Recommended by Ricochet Members Created with Sketch. Policing in Seattle

 

Remember when the duty of law-enforcement was to protect businesses and the public from bad actors? Remember when crimes of destruction and vandalism were rare, and punished when the perpetrators were found, tried, and convicted? Well, those days are gone. The expected riots in Seattle, around Tuesday’s inauguration of the New Regime in the other Washington, happened on Wednesday. Here’s a description of what went down.

Chopper 7 showed a crowd of more than 100 people dressed in all black. By now it’s a familiar, if dreaded, group in downtown Seattle.

Recommended by Ricochet Members Created with Sketch. Abuse and Misuse of the National Guard

 

I’ve concluded the use of the National Guard to occupy Washington DC for the inaugural ceremonies was an abuse of military power, and ought to be condemned. The fact that dozens of state governors (link) agreed to this abuse is all the more concerning.

Responding to and quelling riots are the responsibility of civilian law enforcement. In those situations where civilian law enforcement is overwhelmed, available military units may provide the necessary strength to restore order. Usually such military units are from the National Guard, the reserve component auxiliaries of the Regular US Army. In extreme cases, active duty Regular Army troops may also be employed to restore civil order.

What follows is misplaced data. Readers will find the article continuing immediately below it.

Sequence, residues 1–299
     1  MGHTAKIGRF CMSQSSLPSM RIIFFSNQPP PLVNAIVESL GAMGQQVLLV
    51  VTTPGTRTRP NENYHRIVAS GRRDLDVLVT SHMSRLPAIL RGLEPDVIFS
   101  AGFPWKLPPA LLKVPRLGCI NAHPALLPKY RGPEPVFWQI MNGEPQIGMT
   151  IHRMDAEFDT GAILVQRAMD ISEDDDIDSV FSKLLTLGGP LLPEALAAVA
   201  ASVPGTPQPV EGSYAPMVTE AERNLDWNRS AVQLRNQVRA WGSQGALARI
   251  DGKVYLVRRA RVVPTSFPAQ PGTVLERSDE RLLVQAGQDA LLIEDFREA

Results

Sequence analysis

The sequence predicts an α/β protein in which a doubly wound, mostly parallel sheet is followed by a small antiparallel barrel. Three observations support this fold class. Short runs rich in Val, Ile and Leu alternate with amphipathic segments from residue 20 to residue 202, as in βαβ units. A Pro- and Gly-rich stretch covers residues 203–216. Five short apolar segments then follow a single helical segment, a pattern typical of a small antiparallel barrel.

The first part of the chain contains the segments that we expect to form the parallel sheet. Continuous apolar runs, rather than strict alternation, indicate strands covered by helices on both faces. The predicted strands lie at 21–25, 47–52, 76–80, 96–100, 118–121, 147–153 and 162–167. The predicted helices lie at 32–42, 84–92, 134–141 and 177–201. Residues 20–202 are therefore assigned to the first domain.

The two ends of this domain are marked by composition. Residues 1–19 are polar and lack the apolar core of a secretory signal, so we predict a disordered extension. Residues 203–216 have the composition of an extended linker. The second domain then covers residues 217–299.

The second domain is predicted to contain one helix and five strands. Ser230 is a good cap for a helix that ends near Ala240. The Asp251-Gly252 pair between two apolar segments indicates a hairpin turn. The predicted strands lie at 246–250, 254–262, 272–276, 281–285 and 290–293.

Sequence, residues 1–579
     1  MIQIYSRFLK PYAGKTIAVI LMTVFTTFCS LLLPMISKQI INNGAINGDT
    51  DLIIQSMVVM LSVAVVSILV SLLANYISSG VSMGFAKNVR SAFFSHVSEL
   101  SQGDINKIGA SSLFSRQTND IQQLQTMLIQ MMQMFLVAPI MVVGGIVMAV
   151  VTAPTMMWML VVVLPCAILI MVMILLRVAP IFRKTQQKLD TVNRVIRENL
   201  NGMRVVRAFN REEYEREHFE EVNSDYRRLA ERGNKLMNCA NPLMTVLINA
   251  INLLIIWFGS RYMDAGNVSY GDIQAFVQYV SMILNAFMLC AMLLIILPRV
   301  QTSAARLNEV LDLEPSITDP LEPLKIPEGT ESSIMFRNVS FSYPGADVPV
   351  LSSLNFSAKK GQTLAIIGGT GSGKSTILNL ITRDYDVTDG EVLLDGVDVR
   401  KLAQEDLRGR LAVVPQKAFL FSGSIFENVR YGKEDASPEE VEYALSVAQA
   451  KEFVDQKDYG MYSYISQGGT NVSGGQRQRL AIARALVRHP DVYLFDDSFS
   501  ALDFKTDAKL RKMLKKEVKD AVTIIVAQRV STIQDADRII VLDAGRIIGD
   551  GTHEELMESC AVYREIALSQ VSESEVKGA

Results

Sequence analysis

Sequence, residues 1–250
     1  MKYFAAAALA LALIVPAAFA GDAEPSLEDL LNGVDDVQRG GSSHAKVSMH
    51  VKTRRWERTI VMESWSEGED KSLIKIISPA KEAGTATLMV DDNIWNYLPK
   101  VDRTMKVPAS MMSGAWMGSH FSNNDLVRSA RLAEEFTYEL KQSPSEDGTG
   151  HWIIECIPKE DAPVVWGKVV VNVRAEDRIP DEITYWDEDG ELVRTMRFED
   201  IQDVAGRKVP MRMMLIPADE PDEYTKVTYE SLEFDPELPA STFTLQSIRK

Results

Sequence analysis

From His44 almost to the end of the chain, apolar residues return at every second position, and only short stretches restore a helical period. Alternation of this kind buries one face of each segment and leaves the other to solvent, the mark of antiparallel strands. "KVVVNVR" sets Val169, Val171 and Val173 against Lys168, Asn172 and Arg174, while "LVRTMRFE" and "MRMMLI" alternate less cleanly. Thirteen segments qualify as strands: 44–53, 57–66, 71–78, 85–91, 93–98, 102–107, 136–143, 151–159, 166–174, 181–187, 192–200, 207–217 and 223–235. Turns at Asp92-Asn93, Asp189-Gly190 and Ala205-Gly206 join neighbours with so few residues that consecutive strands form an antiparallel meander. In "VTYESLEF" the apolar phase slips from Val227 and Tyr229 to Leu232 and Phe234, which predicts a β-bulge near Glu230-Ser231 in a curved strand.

The men of GLoP have some thoughts about the events at the Capitol, both the attack and the inauguration. They punditize Melania’s costume change on Air Force One, Lady Gaga’s billing, and ponder what might have happened had President Trump kept his Twitter account and attended Joe Biden’s swearing in. But it’s not all politics — not by a Rob Long shot. They discuss the new version of The Stand and the Marvel TV show Wanda Vision. Also, what to Danny Thomas, George Brett, and one of our sponsors have in common? Sorry, no spoilers.

Recommended by Ricochet Members Created with Sketch. RIP, Hank Aaron

 

Hank Aaron in the batting cage spring training 1960
Baseball great Hank Aaron passed away today, January 22, 2021, at age 86. No cause of death has been provided.

Henry Louis Aaron was born on February 5, 1934, in Mobile, Alabama to Herbert and Estella Aaron. He was one of eight children which included a younger brother, Tommie, who would also play in the major leagues. The family was quite poor and so the young Henry had to work at odd jobs including picking cotton to help ends meet. He loved sports and learned baseball in sandlot games in which bottle caps or rocks usually substituted for balls and sticks or broom handles substituted for bats. He hit cross-handed from the start and he would keep hitting cross-handed until he began his professional career. Perhaps this is how he developed such quick and strong wrists which was much remarked upon from the beginning of his career. He did play baseball and football in high school, but like the young Willie Mays, he also began playing semi-pro baseball around the age of 14 thus adding another small sum to the family income.